Satellites Helping Save Water on California Farms
By: Vinnee Tong
Near the Central Valley town of Los Banos, Anthony Pereira opens a tap to send water into the fields at his family’s farm. Pereira grows cotton, alfalfa and tomatoes. And he is constantly deciding how much water is the right amount to use.
“Water savings is always an issue,” he says. “That’s why we’re going drip here on this ranch. We gotta try to save what we can now for the years to come.”
Thanks to some new technology, that might get a little easier. To help farmers like Pereira, engineers at NASA and CSU Monterey Bay are developing an online tool that can estimate how much water a field might need. Here’s how it works: satellites orbiting the earth take high-resolution pictures — so detailed that you can zoom in to a quarter of an acre.
“The satellite data is allowing us to get a measurement of how the crop is developing,” says CSUMB scientist Forrest Melton, the lead researcher on the project. “We’re actually measuring the fraction of the field that’s covered by green, growing vegetation.”
Those images are combined with data they’re collecting right now at a dozen California farms from Redding to Bakersfield and from Salinas to Visalia.
In Pereira’s fields a tractor carrying tomato seedlings leads the way as farm workers nestle the plants into the dirt. Alongside them the researchers drill holes in the ground to put sensors underneath and around the crops. The sensors measure wind temperature, radiant energy from the sun and how thirsty the soil may be on a given day.
Walking through the field, researcher Chris Lund is carrying equipment that will collect all that data.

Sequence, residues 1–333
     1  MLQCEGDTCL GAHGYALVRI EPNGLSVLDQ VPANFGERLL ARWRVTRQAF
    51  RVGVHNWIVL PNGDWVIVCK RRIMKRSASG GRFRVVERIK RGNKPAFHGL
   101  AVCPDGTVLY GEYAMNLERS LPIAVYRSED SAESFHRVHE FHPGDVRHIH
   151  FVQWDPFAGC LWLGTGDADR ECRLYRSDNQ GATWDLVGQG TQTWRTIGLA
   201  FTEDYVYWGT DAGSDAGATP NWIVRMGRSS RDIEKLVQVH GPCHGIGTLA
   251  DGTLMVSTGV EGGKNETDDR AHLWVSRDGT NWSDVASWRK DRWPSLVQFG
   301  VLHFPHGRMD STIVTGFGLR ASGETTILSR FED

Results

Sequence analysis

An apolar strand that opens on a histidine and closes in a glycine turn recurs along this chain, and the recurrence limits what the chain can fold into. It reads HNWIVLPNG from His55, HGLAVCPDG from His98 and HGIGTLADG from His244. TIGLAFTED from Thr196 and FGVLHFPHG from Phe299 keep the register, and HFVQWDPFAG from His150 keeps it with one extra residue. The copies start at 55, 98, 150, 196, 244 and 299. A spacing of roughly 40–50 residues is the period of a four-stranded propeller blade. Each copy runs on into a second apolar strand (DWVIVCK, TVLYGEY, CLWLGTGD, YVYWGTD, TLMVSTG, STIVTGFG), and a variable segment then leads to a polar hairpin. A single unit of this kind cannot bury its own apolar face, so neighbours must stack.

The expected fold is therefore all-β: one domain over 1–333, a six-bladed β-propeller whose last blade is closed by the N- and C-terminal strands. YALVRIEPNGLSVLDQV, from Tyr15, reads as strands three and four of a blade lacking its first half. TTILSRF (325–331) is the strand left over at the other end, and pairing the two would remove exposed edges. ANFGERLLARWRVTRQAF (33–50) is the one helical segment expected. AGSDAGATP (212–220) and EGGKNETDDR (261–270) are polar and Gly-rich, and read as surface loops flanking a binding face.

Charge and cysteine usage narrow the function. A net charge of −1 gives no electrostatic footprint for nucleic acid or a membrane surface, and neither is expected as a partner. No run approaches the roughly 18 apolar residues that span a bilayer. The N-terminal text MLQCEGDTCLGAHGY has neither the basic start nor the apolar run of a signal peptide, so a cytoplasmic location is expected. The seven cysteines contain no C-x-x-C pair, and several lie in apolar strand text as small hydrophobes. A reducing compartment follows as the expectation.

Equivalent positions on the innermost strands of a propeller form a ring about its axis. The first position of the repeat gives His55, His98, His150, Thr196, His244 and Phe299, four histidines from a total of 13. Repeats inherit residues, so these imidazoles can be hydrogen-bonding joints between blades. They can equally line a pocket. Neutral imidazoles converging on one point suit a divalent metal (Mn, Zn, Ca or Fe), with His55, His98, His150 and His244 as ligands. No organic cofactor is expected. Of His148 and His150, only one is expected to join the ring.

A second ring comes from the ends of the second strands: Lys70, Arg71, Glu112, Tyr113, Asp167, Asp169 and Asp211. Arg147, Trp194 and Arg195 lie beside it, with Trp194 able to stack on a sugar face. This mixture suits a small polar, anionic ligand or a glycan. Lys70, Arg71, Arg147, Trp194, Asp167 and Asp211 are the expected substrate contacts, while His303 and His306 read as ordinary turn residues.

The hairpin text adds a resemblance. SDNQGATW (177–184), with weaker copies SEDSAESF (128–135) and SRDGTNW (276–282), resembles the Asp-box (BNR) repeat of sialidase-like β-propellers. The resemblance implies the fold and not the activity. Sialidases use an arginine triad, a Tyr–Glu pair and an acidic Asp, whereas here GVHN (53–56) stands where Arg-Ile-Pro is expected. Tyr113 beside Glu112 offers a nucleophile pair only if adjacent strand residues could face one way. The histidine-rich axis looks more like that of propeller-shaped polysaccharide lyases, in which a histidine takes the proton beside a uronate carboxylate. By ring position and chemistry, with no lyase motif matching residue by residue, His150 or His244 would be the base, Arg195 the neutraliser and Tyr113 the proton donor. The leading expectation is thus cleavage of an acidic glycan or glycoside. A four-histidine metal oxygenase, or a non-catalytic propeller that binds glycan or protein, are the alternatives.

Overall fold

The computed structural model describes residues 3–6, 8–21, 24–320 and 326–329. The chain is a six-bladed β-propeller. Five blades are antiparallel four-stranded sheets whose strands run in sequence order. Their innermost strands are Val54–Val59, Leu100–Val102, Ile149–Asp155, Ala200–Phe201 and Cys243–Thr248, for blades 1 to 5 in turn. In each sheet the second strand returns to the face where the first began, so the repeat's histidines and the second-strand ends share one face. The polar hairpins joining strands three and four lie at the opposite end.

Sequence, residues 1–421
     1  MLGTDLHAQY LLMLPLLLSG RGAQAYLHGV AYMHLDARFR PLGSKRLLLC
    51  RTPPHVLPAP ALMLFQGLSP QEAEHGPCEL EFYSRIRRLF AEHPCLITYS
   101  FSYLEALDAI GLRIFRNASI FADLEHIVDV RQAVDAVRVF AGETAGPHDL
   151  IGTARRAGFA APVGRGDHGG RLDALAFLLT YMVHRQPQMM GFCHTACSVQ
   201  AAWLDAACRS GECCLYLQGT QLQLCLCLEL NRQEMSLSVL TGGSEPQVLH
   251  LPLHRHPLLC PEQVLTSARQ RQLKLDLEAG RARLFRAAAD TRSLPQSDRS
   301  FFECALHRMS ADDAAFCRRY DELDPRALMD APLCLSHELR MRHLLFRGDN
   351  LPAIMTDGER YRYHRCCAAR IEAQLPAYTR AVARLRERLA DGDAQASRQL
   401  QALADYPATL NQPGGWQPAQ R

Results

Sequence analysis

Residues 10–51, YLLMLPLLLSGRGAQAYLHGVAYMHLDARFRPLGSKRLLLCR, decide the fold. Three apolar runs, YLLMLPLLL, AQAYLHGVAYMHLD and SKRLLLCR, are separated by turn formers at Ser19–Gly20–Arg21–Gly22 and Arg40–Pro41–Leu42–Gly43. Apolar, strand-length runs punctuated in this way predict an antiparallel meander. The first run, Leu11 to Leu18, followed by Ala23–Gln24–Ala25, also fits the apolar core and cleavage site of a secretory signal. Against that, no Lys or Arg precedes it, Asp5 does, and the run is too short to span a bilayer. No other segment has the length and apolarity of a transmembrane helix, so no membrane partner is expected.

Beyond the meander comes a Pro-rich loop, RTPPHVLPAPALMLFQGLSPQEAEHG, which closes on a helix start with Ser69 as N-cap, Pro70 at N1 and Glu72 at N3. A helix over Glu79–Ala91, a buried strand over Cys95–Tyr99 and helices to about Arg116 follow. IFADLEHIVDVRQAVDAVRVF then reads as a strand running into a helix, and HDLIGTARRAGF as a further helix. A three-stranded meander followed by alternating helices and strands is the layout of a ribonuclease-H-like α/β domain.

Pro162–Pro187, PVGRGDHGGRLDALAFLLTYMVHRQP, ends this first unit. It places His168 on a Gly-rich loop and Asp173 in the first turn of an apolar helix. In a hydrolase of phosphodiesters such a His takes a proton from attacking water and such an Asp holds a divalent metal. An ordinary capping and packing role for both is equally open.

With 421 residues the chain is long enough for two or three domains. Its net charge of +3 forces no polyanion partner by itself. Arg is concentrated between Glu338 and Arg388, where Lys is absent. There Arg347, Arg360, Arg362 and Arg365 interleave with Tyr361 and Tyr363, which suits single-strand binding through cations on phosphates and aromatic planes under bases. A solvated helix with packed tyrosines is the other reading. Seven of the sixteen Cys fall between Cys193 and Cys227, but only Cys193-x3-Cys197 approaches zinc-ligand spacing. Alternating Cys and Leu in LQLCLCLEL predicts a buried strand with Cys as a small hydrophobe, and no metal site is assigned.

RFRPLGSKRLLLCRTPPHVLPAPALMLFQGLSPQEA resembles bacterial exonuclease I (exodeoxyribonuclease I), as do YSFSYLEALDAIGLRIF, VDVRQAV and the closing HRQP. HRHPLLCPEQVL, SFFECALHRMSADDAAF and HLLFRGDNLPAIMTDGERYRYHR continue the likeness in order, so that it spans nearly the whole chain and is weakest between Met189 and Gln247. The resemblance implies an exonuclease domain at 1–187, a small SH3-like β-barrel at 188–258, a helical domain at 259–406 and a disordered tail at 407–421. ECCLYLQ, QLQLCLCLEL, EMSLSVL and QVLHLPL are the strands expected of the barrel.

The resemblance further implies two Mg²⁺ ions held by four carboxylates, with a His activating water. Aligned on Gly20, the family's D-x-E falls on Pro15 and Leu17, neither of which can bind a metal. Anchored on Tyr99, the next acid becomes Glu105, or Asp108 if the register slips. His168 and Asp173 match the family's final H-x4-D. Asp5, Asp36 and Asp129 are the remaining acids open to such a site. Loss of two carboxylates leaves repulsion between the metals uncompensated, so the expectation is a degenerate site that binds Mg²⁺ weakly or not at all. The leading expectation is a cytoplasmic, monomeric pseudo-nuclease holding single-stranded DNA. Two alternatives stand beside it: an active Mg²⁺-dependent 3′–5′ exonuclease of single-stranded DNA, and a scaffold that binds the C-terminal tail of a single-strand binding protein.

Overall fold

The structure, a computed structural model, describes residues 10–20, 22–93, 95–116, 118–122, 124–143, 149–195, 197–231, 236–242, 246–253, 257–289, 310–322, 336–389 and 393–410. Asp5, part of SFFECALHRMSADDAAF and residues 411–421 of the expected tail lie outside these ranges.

“Once a minute it’ll take a measurement of all the sensors that are attached to this,” he explains, “the soil moisture sensors, the soil water potential sensors, and in this case the capillary lysimeter, which measures how much water is going out the bottom of the system.”
Using this information with the satellite images that are updated about once a week, the researchers have come up with a formula that can estimate how much water a field might need. Farmers will soon be able to access estimates for their fields online and eventually they’ll be able to use their cell phones.
That means Pereira will no longer have to rely on the old-school way of deciding how much water to use.
“Before, everything was furrow-irrigated or flood-irrigated, and we’d just schedule depending on what the weather is,” he told me. “If it’s warm, we say, ‘OK we’re going to try to irrigate every two weeks.’ If it’s cooler, then let’s try to stretch it out another week, 10 days or so to make the water stretch out more.”
Published 10 months, 1 week ago under Science